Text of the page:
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Information and photographs submitted by subscribers are posted in good faith. If any copyright of anyone else's material is unintentionally breached, please email me


Thanks To Ian Winstanley For The Information - Nine Miners Died
Lewis Merthyr. Trehafod, Glamorganshire. 22nd Nov 1956
Page 1 - Those Who Died - Dinas Rescue Station


From:
Sent:
Subject:
AustJohn Bradfield
04 February 2012
Are There Records of Dinas Rescue Station Brigade Members from 1945 to 1957
My name is John Bradfield I was a permanent Rescue Brigade member at Dinas Rescue Station Dinas near Porth.

I migrated TO AUSTRALIA IN 1957; would there be records of brigade members from 1945 to 1957?

I took the first rescue team into the Lewis Merthyr explosion in 1956

Regards
John Bradfield


From:
Sent:
Subject:
Alun Evans
8 Jan 2017
Miners' Lamp
Dear Fionn,
I have in my possession an Eccles’ miner’s lamp, Type 6, stamped ‘COEDELY’ and which has a faint, but clearly legible engraving around the middle ridge “Dinas Rescue Station”.

I notice, with interest, that one of your subscribers, John Bradfield, used to be a permanent member of the Dinas Rescue Team but emigrated to Australia in 1957.  Perhaps you would be kind enough to forward his email address in order that I may send a photograph of the lamp to him.  Alternatively, you are welcome to forward my email address to him.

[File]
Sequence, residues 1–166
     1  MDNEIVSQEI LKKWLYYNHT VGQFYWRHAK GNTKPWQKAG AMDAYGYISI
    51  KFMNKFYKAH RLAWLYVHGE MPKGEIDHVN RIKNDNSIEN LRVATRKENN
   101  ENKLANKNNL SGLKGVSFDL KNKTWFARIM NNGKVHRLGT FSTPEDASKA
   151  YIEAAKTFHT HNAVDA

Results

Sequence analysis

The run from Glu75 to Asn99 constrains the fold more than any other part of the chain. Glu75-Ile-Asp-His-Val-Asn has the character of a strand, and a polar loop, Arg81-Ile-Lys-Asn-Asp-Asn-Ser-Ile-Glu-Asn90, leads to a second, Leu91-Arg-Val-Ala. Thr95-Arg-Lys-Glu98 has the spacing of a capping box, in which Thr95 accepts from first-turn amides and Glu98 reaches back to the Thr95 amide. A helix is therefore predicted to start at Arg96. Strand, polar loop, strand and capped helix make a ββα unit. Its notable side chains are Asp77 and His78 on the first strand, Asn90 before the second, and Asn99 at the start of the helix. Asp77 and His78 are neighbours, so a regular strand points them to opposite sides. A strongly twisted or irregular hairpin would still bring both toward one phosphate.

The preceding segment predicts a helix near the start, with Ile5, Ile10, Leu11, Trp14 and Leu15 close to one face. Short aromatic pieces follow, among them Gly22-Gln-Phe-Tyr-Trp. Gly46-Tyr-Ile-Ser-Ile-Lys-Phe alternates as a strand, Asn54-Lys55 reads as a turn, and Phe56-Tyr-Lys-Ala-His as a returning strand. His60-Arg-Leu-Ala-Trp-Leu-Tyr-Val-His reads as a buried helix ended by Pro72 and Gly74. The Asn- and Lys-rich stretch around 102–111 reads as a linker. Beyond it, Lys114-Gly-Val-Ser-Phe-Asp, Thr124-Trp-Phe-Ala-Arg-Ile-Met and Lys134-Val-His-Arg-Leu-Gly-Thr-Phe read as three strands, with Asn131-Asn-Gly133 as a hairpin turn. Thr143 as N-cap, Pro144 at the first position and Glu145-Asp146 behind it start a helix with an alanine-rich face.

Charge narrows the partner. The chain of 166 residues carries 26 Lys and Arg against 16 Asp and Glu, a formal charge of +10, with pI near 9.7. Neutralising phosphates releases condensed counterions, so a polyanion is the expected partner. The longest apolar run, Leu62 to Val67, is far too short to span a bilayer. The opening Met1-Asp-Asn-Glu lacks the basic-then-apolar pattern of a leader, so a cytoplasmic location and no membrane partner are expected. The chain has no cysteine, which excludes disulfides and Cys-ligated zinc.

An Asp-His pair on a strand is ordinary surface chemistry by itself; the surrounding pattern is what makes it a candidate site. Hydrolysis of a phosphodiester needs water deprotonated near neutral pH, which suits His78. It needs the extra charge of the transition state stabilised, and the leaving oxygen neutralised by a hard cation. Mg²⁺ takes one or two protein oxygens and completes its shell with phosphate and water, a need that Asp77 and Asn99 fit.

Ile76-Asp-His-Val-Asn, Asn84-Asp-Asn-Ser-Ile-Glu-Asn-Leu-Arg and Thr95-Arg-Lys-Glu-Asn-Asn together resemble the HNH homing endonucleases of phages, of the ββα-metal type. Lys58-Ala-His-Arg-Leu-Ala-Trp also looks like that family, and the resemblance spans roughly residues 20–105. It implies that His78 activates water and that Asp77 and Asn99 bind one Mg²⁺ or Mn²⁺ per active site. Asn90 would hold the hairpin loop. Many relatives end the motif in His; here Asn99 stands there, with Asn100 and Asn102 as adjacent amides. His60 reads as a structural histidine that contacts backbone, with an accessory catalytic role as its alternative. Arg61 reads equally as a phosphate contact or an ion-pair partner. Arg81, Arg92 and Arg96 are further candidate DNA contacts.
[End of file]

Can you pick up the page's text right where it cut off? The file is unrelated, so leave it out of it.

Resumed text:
Yours Sincerely,

Alun Evans (School teacher from Cardiff but originally from Treharris)


Lewis Merthyr. Trehafod, Glamorganshire. 22nd. November, 1956.

The colliery was situated in the village of Trehafod about 18 miles from Cardiff. The winding shafts for men and materials were known as the Bertie Pit and the Trefor Pit and were sunk about 1878 but high class steam coal had been produced for ten years before this from shafts that were still contained within the mine. There were six vertical shafts serving the mine. Of these, the House Coal shaft and the Cymmer shaft were used for pumping, the Lady shaft for ventilation and was also the upcast shaft, the Hafod shaft was the downcast and was the third means of egress. The output of the colliery was 1,250 tons per day. The mine employed 936 persons underground and 226 on the surface.

The colliery was part of the No.3 Area of the South Western Division of the National
Coal Board and the principle officials were:-

  • Mr. M.J. Davies, the Area General Manager
  • Mr. A. Hudson, Assistant Area General Manager
  • Mr. G. Tompkin, Area Production Manager
  • Mr. C.H. Hodkin, Area Production Manager (Operations)
  • Mr. D.N. Simpson, Deputy Area Production Manager (Planning)
  • Mr. J. Murphy. Group Manager
  • Mr. A.R. Fox, Manager who was killed in the explosion
  • Mr. E. Moore, Undermanager of  the Trefor Pit
  • Mr. W. McDonald, Undermanager for the Bertie Pit.